Su-35 Fighter Jets Cover 8,000km from Russian Far East to Belarus
Moscow: The Russian Air Force's Su-35 fighter jets have covered a distance of about 8,000 kilometres during the relocation from the Russian Far East to the Republic of Belarus.
"Multi-purpose Su-35S fighter jets of the Eastern Military District, involved in the inspection of the reaction forces of the Union State, have completed their flight to airfields in the Republic of Belarus. The crews of Su-35S fighters took off from the airfield in the Khabarovsk territory and covered a distance of about 8,000 kilometres," reported the Russian MoD in February.
Flight routes were worked out by aviation navigators taking into account the maximum non-stop flight, as well as weather conditions along the entire route.
The Russian aerospace industry recently has outlined the capabilities of the Su-35 in its official presentation. The high-precision navigation, long flight range and endurance further enhanced by in-flight refueling are listed among the major advantages of the fighter jet, while the most important difference between the Su-35 and 4+/4++ generation fighters is its fifth-generation avionics. The Su-35 can carry the widest range of modern Russian guided weapons.
The powerplant consisting of the AL-41F-1S engine with deflectable thrust nozzles has higher thrust than the AL-31F engine used on the earlier Sukhoi fighter jets. The engines give the Su-35 a high level of maneuverability and controllability at beyond-stall angles of attack, i.e. super maneuverability, which is a unique future of Russian serially produced fighter jets. The super maneuverability is especially important for dogfight.
The Irbis-E radar with rotating phased antenna array detects air targets with RCS=3 m² at a distance of 350 km and stands among the airborne radars with longest target acquisition ranges ever developed. The radar is able to track up to 30 targets at a time and guide missiles at 8 of them, while continuing airspace surveillance.
The radar control system also provides for the selective acquisition of moving ground and naval targets. The developer of the Irbis-E radar is the Almaz-Antey's V.V. Tikhomirov Scientific Research Institute of Instrument Design (NIIP), which also specialides in the air defense systems, having created Buk and other SAMs.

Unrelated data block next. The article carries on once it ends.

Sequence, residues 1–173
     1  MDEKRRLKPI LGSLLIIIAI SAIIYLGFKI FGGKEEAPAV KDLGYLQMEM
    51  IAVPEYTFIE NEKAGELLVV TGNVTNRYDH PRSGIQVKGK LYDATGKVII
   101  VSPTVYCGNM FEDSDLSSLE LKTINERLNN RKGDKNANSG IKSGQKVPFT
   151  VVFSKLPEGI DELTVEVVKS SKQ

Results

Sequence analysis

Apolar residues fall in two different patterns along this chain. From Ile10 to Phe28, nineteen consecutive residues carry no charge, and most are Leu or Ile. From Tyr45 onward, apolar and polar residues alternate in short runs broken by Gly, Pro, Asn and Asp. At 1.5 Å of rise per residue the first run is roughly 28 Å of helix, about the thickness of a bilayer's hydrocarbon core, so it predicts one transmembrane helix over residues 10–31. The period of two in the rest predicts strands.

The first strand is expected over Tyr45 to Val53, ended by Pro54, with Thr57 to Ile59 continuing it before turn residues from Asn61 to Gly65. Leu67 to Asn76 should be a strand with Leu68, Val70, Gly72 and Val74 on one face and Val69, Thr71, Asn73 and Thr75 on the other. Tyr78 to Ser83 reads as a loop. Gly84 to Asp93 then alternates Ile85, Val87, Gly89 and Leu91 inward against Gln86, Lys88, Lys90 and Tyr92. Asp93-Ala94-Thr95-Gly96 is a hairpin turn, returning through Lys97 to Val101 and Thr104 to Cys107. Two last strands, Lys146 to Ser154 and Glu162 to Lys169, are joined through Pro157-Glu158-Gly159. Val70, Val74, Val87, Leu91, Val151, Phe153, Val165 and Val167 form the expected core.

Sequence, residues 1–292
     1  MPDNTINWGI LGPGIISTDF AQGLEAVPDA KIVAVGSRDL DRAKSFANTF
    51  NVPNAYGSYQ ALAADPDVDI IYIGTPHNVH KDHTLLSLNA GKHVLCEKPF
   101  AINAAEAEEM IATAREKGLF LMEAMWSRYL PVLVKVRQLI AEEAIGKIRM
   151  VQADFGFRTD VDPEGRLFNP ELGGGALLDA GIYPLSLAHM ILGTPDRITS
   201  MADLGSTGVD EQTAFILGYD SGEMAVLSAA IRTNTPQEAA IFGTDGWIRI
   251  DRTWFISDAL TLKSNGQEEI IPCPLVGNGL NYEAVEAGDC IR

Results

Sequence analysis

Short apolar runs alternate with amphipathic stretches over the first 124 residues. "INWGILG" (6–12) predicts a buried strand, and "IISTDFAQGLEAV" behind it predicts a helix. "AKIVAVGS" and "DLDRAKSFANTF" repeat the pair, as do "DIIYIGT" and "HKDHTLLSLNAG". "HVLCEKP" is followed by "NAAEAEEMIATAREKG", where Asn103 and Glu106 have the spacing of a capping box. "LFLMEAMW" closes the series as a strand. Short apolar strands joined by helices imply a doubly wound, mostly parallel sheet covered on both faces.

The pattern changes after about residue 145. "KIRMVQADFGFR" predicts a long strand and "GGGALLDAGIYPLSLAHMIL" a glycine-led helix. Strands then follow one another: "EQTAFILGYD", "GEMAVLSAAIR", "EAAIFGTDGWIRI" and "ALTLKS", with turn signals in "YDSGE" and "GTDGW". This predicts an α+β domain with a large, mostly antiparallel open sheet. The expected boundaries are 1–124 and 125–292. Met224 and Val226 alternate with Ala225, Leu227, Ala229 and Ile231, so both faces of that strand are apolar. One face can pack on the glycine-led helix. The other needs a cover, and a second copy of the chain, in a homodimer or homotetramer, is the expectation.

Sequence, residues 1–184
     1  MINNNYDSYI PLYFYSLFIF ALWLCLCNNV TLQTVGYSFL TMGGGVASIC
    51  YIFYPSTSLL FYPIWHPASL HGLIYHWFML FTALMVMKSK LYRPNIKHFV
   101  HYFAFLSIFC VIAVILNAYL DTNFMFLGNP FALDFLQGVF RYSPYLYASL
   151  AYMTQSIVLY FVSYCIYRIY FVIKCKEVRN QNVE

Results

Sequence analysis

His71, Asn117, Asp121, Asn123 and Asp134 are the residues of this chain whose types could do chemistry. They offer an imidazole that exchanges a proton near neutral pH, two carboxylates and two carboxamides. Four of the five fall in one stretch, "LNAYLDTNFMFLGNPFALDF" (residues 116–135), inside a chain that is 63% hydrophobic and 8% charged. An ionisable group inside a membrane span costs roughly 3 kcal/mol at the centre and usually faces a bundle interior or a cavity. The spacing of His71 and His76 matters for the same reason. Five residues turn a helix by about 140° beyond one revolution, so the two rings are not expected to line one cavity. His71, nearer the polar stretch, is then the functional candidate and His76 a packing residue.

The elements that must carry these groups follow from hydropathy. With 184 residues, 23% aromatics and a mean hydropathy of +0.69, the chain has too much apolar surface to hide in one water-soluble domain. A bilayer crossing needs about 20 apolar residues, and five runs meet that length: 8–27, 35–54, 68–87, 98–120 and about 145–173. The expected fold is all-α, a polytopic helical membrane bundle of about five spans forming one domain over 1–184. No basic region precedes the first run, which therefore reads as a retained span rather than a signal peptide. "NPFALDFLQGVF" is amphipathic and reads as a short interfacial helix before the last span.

"The Irbis system of the Su-35 fighter jet is our latest development in this radar segment. It has embodied all the best that we have achieved over more than 40 years of development of passive electronically scanned array radars for aircraft and ground-based air defense systems. At least in terms of detection range, the Irbis surpasses all known airborne radars in the world with conventional phased antenna arrays and with AESA," Yuri Bely, the NIIP's Director General, said in an interview and added that the Irbis-equipped Su-35 jets successfully covered the actions of the Russian Air Force bomber aircraft during the Syrian operation.
“I believe that, despite the rapid development of active array technologies, the passive array still has a market niche. The active array is costly and not affordable for some customers,” said Belyi.
The second information channel of the Su-35's weapons control system is a multi-channel infrared search-and-track system. The electronic warfare suite provides self and group defense, comprises EW systems, radio-electronic reconnaissance equipment, CMDS, laser and IR missile launch warning receivers. All airborne equipment is interconnected through the information channels and is kept under a unified information management system's control.
The Su-35 is known to be able to control fighter jet group actions outside the ground-based radar field.